The socks. The hat. The accent. What did Robert Muldoon have in Jurassic Park that you don’t recall immediately? The game warden from Kenya was a man of high intellect. He had seen raptors at their most curious stages (for example, testing the electric fences for weaknesses), and I’m sure at their most admirable stages as well. He was taken out of the franchise too soon, and although I’m honestly not sure where else he would have fit in down the road, I think the possibility to see him again could have been there.
What Steven Spielberg did with Bob Peck’s outstanding character is genius. Sadly, on April 4th this year, it will have been 19 years since Bob Peck passed away from cancer. To honor his memory, let’s briefly discuss the stellar job he did with this character and why Robert Muldoon is a JP legend.
A common theme throughout most of the JP franchise is that good guys live and bad ones meet their ultimate demise. In fact, sometimes you don’t have to be a “bad guy” to seal your fate in this series — all you need is a lack of respect for the power of dinosaurs. If you see them as assets or look at them with dollar signs (I’m thinking of you, toilet boy), then you’re most likely as good as dead. Nedry, Genaro, Ludlow, Hoskins, Dieter Stark (with a particularly brutal and prolonged death); all met ends that seemed to make sense. They all had agendas that looked past the fact that these were big, powerful and living animals that deserved to be treated with more respect. One of them in particular, Dieter Stark, had a well-deserved death — death by what seemed to be a thousand compys eating him alive for zapping one of their own with a taser for no reason.
Other deaths came as a slight surprise. The character wasn’t money hungry, he or she didn’t not respect the animals. They were simply expendable, I guess. Think of Eddie Carr, Udesky and Zara. Eddie went out a hero, trying to save his new friends. I find his death to be one of the more depressing endings of a character in the JP universe. Udesky was just trying to help find a child. The worst thing Zara did was not pay better attention to her boss’ nephews. There are more of these types of deaths out there, but those are the ones that come to my mind first.
One of the reasons that Jurassic Park got this franchise started on such a powerful note is because some things happened that you never saw coming, including the death of Muldoon. You may have guessed that Genaro would die — but by being plucked off the toilet? Not many could have guessed that, I’m sure. When Nedry met his end (which I still find to be a particularly disturbing scene, bravo Mr. Spielberg), I knew it had to be done. He had caused so much destruction and loss of life due to his greed. But when he got back in his Jeep, I thought he had bought himself just a little more time. I was wrong. And who could have predicted Ray Arnold’s arm giving Ellie the surprise of her life?
And then there’s Muldoon. Muldoon had so much respect for these animals. It gives me shivers when he is crouching past the raptor enclosure with Ellie and he sees that they’ve escaped. The terror in his eyes and voice is unforgettable. Never once did we ever get the slightest hint that he cared about money. He didn’t want to see harm inflicted on a single person. He was genuinely angry that locking mechanisms had not yet been put on the vehicle doors, as an example of that. In the end, he gave his life to save Ellie’s and ultimately, the rest of the survivors. I still even find myself wondering if he was serious or sarcastic when he told the main group, “they should all be destroyed,” referring to the raptors. He watched Jophery die. He knew what these creatures were capable of and didn’t deserve what he was given.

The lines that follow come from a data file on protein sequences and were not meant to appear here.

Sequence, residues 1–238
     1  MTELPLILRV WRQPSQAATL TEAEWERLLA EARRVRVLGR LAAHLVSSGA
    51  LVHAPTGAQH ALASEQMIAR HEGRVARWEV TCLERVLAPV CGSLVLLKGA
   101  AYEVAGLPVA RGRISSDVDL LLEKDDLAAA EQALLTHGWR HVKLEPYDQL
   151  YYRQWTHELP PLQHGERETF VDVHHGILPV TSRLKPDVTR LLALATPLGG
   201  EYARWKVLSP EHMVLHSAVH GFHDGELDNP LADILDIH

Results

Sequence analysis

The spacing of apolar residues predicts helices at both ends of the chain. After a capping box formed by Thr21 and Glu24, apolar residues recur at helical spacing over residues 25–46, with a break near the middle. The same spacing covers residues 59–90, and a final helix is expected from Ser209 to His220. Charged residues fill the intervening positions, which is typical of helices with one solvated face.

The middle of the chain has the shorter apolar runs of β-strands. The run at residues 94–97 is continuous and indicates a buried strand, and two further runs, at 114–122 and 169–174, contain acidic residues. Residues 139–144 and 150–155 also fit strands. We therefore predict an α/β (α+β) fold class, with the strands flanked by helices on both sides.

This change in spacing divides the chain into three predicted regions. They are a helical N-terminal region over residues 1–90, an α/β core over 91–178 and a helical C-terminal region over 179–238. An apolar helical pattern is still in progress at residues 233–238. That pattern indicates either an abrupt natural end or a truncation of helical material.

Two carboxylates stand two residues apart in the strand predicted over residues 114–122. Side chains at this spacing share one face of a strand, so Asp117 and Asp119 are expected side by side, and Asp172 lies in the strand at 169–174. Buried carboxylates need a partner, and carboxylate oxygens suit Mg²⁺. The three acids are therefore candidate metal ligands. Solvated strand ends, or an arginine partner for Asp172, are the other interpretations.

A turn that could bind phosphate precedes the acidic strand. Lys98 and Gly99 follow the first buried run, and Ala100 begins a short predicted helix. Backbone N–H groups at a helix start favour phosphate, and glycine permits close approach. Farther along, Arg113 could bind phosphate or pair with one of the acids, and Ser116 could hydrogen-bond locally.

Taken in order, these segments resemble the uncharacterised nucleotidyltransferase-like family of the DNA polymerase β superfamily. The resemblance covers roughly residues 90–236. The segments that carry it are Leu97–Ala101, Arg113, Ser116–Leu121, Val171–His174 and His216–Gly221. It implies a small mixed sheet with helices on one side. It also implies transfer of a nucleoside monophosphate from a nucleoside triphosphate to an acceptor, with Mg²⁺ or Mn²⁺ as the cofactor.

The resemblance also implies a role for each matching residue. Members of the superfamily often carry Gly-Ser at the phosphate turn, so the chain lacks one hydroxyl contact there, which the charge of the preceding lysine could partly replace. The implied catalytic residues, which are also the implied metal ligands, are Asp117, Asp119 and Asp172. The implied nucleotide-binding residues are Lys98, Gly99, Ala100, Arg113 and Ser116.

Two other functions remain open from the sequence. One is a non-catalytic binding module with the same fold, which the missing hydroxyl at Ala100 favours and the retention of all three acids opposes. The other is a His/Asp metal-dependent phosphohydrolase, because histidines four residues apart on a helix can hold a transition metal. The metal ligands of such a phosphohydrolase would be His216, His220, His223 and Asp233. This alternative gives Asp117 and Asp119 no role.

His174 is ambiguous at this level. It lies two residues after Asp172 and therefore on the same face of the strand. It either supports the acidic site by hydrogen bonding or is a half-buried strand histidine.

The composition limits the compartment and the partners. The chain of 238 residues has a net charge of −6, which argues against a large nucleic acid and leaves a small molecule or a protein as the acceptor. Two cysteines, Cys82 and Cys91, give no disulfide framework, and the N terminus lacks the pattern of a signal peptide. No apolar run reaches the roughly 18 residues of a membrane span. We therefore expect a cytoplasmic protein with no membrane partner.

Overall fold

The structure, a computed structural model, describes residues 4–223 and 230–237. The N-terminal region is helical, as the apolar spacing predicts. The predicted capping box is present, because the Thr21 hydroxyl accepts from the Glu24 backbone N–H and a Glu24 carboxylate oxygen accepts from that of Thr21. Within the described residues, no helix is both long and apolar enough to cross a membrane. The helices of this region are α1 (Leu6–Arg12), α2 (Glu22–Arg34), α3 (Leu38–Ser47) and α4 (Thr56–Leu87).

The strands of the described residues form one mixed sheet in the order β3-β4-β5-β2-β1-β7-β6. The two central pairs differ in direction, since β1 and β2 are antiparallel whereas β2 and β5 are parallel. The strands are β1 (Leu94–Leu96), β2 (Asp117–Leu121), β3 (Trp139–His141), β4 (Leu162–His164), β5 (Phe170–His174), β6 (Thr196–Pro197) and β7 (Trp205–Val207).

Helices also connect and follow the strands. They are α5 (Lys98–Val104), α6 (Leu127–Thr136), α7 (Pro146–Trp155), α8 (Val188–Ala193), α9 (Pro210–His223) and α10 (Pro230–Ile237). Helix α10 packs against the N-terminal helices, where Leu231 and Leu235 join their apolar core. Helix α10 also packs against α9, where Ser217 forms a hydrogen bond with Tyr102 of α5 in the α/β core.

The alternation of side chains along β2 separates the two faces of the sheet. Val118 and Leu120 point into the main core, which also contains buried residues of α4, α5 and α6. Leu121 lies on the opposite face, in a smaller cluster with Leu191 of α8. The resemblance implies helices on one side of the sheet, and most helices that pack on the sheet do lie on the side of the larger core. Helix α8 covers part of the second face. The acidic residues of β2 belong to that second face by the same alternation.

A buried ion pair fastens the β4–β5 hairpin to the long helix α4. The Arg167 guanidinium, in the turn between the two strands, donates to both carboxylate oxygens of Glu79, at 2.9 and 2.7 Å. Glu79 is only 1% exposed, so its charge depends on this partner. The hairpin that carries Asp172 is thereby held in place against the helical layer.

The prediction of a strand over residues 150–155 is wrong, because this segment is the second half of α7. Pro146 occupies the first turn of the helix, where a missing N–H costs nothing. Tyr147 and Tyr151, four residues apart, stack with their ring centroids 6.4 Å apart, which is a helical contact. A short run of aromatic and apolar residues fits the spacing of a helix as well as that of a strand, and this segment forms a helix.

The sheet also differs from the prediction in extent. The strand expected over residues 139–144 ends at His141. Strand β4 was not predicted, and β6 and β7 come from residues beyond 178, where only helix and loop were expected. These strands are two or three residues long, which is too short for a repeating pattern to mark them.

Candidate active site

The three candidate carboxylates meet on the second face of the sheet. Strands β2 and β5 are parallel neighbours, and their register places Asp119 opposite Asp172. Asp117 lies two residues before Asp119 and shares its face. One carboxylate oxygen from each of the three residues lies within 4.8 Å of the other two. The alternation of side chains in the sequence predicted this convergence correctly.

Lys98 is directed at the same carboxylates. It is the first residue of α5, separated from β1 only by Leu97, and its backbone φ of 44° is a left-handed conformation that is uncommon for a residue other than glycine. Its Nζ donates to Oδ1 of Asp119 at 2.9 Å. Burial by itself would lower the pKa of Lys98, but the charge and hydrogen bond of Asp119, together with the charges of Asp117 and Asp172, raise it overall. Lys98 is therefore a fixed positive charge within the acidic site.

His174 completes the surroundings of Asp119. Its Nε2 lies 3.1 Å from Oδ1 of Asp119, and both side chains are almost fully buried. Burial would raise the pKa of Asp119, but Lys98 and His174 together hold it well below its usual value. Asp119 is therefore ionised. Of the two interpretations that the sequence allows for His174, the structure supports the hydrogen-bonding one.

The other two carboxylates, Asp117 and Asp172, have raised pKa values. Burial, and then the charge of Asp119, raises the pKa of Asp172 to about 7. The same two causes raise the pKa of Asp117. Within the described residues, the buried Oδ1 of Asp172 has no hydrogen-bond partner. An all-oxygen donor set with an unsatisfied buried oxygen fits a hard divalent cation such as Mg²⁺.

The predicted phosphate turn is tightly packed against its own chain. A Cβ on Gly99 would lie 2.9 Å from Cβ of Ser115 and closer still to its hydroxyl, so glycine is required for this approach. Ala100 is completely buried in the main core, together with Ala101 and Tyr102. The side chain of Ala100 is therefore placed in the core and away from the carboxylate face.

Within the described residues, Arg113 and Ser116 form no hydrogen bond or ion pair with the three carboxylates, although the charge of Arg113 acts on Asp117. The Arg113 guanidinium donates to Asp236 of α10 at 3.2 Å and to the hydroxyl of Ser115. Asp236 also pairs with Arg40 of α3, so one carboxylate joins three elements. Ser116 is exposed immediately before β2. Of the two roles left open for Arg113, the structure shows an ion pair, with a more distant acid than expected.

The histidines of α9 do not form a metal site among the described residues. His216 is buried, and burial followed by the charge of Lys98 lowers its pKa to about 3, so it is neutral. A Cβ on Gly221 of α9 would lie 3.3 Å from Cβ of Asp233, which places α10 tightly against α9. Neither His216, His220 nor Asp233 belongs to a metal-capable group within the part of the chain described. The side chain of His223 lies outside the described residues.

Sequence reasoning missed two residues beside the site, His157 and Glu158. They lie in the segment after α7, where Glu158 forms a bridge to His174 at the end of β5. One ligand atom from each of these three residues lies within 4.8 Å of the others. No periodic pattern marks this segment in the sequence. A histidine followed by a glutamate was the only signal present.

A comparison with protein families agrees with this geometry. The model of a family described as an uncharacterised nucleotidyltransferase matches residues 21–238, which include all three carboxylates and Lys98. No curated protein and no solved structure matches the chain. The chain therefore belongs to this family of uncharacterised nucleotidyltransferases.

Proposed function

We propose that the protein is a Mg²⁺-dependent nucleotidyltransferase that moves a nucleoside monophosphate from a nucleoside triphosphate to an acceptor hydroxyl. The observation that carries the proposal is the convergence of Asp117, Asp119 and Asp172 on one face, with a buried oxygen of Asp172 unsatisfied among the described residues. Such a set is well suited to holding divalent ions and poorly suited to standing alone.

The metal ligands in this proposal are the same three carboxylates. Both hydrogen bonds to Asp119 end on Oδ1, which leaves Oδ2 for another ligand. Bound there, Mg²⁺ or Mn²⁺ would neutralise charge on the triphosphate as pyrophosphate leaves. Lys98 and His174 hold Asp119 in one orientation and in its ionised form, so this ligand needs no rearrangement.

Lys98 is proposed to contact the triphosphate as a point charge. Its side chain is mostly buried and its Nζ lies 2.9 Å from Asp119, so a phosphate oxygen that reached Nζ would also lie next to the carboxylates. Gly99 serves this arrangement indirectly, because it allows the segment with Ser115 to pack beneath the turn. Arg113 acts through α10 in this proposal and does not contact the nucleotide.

With Muldoon, Spielberg had to make his audience understand that in this universe no one was truly safe. Respectful or not, these animals were vicious, cutthroat and your attitude towards them meant nothing in the end. The way he died was perfectly executed; he went out in a legendary way. The comfort that JP fans can take in his death is that he looked his predator in the eyes. He even got to acknowledge her intelligence and her hunting ability. In essence, when he gave us his last line, “clever girl,” he was basically saying, “Well done girl, you got me. Respect.” After that point, it’s best to not listen, because the JP legend goes down in a horrifying and undeserved way.
Jurassic Park is a fierce franchise with even more to come. Henry Wu is going to have a grisly end, you can bet on that. The theme of the first movie carries over through every installment of the series. That theme is that just because you made them, doesn’t mean these living creatures are mindless assets. Mills, Wheaton and others in Fallen Kingdom, like Hoskins, don’t get that. It’s probably a safe bet that they won’t make it out either. As Owen once said, “They’re alive. They’re thinkin’.. I gotta eat. I gotta hunt,” and, well, you know the rest.
What do you think? Do you think of Muldoon as a legendary JP character? Let us know your thoughts below!
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